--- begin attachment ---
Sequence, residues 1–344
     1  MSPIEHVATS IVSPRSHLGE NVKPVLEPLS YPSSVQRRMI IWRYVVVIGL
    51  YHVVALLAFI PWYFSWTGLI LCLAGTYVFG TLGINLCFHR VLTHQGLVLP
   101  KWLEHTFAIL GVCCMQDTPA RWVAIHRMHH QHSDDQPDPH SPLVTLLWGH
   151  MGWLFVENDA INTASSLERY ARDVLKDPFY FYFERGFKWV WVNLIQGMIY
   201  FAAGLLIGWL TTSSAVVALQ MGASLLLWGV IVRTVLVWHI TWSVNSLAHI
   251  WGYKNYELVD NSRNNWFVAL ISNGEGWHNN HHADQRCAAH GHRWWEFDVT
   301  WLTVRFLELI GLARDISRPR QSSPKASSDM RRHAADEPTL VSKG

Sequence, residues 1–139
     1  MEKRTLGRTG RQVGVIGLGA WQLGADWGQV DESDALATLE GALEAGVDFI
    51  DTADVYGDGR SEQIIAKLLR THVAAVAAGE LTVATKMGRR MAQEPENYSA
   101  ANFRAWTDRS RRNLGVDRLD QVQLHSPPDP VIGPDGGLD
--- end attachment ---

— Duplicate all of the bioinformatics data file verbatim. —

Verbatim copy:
Sequence, residues 1–344
     1  MSPIEHVATS IVSPRSHLGE NVKPVLEPLS YPSSVQRRMI IWRYVVVIGL
    51  YHVVALLAFI PWYFSWTGLI LCLAGTYVFG TLGINLCFHR VLTHQGLVLP
   101  KWLEHTFAIL GVCCMQDTPA RWVAIHRMHH QHSDDQPDPH SPLVTLLWGH
   151  MGWLFVENDA INTASSLERY ARDVLKDPFY FYFERGFKWV WVNLIQGMIY
   201  FAAGLLIGWL TTSSAVVALQ MGASLLLWGV IVRTVLVWHI TWSVNSLAHI
   251  WGYKNYELVD NSRNNWFVAL ISNGEGWHNN HHADQRCAAH GHRWWEFDVT
   301  WLTVRFLELI GLARDISRPR QSSPKASSDM RRHAADEPTL VSKG

Sequence, residues 1–139
     1  MEKRTLGRTG RQVGVIGLGA WQLGADWGQV DESDALATLE GALEAGVDFI
    51  DTADVYGDGR SEQIIAKLLR THVAAVAAGE LTVATKMGRR MAQEPENYSA
   101  ANFRAWTDRS RRNLGVDRLD QVQLHSPPDP VIGPDGGLD